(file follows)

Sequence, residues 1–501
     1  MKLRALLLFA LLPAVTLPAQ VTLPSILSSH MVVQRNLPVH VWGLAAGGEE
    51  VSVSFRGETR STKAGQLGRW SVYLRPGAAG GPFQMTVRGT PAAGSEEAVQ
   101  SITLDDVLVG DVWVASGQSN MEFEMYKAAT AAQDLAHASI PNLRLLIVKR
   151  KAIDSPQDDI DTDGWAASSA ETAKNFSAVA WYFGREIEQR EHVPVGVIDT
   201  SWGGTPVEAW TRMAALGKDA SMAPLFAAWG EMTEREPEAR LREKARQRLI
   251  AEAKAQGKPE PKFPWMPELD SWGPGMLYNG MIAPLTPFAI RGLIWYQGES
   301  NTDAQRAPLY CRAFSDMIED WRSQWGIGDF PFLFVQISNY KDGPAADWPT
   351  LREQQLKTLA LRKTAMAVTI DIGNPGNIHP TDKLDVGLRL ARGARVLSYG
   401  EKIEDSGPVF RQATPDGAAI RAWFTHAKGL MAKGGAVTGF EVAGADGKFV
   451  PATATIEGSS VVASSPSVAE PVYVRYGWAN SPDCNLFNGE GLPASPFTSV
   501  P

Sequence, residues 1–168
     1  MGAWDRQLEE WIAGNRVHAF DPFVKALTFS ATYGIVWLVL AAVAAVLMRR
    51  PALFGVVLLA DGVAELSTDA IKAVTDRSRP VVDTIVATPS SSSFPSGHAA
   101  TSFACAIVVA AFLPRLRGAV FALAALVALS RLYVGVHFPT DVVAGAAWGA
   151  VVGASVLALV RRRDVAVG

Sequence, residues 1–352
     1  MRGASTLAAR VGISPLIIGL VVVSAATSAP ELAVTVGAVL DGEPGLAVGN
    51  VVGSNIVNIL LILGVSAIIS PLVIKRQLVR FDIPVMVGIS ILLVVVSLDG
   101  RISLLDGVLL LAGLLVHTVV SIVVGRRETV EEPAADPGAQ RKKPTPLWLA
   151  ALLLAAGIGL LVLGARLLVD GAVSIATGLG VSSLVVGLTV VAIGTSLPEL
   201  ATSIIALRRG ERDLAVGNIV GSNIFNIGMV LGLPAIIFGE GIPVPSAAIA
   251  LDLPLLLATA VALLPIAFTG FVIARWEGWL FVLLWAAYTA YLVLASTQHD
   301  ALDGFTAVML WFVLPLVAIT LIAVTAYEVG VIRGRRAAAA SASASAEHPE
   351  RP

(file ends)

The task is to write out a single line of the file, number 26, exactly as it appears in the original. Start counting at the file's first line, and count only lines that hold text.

   351  RP